Navy caught between devil and deep sea after data leak

Published: 29th August 2016 02:47 AM  |   Last Updated: 29th August 2016 02:47 AM   |  A+A-


NEW DELHI: The Scorepene leaks has put the Indian Navy in deep waters. The scandal has detonated depth charges under its plans for the next line, state-of-the-art submarine with cutting-edge attack power. China, which has been expanding both its subcontinental influence and underwater fleet, has 51 conventional and five nuclear submarines at sea compared to India’s 14.

Even Pakistan has 11, which are modern and sophisticated compared to India’s ageing subs. As a counter-move, the Narendra Modi government, determined to boost India’s military capability, in October 2014 cleared Rs 64,000 crore to build six more GenNext subs. This Make in India programme is titled Project-75 (India). Sources said the Defence Ministry is exploring a collaboration between an unnamed foreign player and an Indian shipyard to work for the project. The new submarines will be armed with state-of-the-art land attack missiles and air independence propulsion systems.

A team of Indian Navy and ministry officials are holding a series of discussions with major global players, including DCNS of France, which is currently building Scorepene submarines jointly with Mumbai-based Mazagon Dock Limited.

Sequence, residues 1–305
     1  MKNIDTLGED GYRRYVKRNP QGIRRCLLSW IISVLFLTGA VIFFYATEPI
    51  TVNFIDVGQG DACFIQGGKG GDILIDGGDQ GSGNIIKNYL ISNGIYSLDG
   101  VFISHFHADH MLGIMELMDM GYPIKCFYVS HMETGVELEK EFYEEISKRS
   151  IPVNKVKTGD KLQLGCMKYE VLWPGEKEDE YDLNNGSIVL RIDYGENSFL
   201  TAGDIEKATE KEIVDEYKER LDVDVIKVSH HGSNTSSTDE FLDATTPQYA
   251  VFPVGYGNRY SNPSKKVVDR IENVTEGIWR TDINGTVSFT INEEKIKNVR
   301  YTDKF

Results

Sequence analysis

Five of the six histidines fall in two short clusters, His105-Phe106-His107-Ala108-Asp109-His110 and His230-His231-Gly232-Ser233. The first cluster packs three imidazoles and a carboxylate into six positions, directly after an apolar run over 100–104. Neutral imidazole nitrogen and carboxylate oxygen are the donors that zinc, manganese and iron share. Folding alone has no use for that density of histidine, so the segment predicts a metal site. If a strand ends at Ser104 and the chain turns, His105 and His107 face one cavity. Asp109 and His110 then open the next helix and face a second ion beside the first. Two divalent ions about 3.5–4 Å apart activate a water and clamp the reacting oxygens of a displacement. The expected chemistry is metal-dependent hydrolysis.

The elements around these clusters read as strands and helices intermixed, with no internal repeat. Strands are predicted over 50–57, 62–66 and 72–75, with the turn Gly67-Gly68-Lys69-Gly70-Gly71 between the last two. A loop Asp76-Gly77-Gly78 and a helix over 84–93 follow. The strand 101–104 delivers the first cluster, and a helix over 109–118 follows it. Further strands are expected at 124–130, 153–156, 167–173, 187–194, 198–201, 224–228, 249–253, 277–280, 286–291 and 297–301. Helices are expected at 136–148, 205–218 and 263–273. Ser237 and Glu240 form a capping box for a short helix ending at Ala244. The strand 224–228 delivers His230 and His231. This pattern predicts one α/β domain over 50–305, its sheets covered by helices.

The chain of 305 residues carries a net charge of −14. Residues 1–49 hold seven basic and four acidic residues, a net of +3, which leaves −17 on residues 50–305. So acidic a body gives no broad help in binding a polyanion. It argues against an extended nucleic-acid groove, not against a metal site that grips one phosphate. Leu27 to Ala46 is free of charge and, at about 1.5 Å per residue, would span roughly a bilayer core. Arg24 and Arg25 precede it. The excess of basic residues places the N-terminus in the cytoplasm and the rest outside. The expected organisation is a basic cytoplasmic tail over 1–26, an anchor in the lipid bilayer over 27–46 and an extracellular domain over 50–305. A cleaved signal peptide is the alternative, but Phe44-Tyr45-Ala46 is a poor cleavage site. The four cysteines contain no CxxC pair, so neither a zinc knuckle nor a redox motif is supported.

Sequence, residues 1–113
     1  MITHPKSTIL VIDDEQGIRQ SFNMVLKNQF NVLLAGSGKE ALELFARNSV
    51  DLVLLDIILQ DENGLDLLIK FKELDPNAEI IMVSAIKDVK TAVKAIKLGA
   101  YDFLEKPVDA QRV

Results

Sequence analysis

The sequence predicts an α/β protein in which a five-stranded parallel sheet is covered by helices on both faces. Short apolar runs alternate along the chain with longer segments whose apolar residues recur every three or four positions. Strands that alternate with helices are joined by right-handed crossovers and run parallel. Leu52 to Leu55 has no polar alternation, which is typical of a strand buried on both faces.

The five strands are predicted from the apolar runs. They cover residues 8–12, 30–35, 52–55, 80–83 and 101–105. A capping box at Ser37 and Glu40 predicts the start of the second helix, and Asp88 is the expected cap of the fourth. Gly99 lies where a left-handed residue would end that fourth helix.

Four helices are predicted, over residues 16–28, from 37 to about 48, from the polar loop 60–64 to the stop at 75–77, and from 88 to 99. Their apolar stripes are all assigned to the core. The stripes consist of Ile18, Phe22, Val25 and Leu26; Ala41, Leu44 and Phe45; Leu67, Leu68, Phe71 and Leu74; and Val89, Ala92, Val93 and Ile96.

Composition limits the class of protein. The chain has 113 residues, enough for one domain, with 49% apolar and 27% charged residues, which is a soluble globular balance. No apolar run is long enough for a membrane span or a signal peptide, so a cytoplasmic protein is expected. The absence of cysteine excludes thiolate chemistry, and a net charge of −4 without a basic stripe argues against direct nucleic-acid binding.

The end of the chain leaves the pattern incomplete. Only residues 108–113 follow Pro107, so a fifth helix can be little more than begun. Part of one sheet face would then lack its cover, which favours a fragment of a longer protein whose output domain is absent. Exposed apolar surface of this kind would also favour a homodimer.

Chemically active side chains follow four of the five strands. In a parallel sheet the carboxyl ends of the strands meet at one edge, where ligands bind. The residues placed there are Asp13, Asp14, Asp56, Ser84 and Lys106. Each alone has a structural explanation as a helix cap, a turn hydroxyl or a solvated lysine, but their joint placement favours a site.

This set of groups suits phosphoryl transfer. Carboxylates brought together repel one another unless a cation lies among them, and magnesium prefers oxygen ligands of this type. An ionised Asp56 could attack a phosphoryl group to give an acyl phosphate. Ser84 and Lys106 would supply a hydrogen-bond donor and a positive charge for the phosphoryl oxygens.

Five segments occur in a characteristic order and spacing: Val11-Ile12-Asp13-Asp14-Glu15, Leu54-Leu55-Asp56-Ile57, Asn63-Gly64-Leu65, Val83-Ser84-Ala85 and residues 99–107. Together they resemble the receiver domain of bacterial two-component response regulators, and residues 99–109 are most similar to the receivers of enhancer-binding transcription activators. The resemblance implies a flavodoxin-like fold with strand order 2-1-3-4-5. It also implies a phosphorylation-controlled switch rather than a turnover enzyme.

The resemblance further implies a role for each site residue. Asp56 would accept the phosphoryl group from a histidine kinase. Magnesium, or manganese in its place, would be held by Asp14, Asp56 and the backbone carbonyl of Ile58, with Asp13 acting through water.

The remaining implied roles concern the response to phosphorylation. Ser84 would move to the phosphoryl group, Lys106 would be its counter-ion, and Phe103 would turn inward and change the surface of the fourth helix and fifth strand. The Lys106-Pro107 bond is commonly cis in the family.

The ministry is worried that the leaks in the Australian media have hit this operation, though Defence Minister Manohar Parrikar played down fears.

However, sources warn Project 75 has initiated a corporate war countdown in the highly competitive global arms market. DCNS had offered its advanced version for Scorpene submarine to India last year. German conglomerate ThyssenKrupp Marine Systems is peddling the HDW Class 214 submarine, after an offer in March this year. Spain’s Navantia S-80 class and Sweden’s Saab Kockums with their A26 submarines are also in the underwater race. The Indian government has its eye on Japanese tech giant Mitsubishi. The irony is that all these players have been on the Indian defence deal circuit for decades. So intense is their rivalry that the Indian Navy is afraid that competitors will leak plans to sabotage projects. The Scorpene Leaks in the Australian media is considered to be an outcome of ‘corporate rivalry’.

In 1999, the Cabinet Committee on Security had approved the Navy’s 30-year indigenous submarine programme to replace the ageing fleet, under which 12 submarines were to be built with foreign collaboration and inducted by 2012. The know-how was to help India build subs indigenously by 2030. Here too, the usual tragedy of Indian defence procurement has hit the Navy’s strike capability. Over 17 years later, not a single submarine has been delivered.

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